MEGAN REITER, TIMES-TRIBUNE, SCRANTON, PA, OCTOBER 11, 2006
HONESDALE — Tom McDonnell talks with roughly 60 veterans each month. He’s found recently that some don’t realize the government can offer help to those exposed to Agent Orange, a herbicide used as a defoliant in Vietnam.
“The veteran can not only receive compensation, but he can also receive medication,” said Mr. McDonnell, the director of Wayne County Veterans Affairs.
According to Mr. McDonnell, the government acknowledges a host of diseases related to possible Agent Orange exposure.
The most common ailments are diabetes and cancer, especially prostate cancer, Mr. McDonnell said. Decades after serving in Vietnam, Mr. McDonnell said some vet-erans, who range in age from their early 50s to their 80s, aren’t aware that ailments they’ve experienced recently, or years ago, could qualify for compensation.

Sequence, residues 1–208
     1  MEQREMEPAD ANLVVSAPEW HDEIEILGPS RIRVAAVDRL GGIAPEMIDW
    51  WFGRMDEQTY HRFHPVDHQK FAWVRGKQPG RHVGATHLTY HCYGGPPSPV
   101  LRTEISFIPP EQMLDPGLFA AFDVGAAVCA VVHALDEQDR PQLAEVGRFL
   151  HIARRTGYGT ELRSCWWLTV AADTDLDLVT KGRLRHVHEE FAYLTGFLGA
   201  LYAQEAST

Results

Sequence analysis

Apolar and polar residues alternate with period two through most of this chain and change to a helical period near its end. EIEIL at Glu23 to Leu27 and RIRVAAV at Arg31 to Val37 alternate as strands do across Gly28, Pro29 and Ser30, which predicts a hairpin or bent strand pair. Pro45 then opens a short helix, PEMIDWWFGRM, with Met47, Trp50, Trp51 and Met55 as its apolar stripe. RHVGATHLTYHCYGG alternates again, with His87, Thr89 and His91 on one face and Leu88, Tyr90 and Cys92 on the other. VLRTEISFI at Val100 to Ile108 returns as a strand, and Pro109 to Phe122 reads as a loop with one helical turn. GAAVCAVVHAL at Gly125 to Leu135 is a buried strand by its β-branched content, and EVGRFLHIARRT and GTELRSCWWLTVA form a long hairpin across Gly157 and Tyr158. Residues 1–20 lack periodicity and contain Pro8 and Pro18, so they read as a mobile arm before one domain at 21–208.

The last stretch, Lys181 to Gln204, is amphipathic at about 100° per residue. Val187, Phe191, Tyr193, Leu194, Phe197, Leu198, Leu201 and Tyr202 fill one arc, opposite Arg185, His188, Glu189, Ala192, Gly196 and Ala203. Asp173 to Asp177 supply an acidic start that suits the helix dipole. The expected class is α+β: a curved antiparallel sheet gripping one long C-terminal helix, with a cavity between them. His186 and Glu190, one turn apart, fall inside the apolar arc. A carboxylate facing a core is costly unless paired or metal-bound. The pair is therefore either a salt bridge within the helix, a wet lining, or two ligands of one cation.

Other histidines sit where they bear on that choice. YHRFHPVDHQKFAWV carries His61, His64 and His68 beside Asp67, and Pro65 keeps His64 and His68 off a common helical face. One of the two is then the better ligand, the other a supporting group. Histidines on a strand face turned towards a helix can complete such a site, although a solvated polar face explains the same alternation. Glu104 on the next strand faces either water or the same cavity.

“To my surprise and to their surprise, people have some of these conditions,” he said.
Compensation, which can range from $112 to $2,400 per month, is retroactive to the month after a filed claim, but not to the date of a diagnosis, Mr. McDonnell said.
“The compensation is monetary … what it does is get you medication, care for these conditions for the rest on your life,” Mr. McDonnell said.
Vince Riccardo, public affairs director for the Wilkes-Barre VA Medical Center, said there are 2,659 people on the hospital’s Agent Orange registry, meaning they requested an exam for possible Agent Orange exposure. However, the list, which the hospital has amassed over the years, does not mean the veterans were actually treated for a condition related to Agent Orange exposure, he said.
From Oct. 1, 2005, through July 31, the hospital has provided care for 41,215 veterans and serves 19 counties in Pennsylvania and one in New York, according to Mr. Riccardo.
For more information on filing a claim or requesting an exam, contact Mr. McDonnell at 253-4262, ext. 3114, or the Wilkes-Barre VA Medical Center compensation and pension office at 824-3521, ext. 7133.
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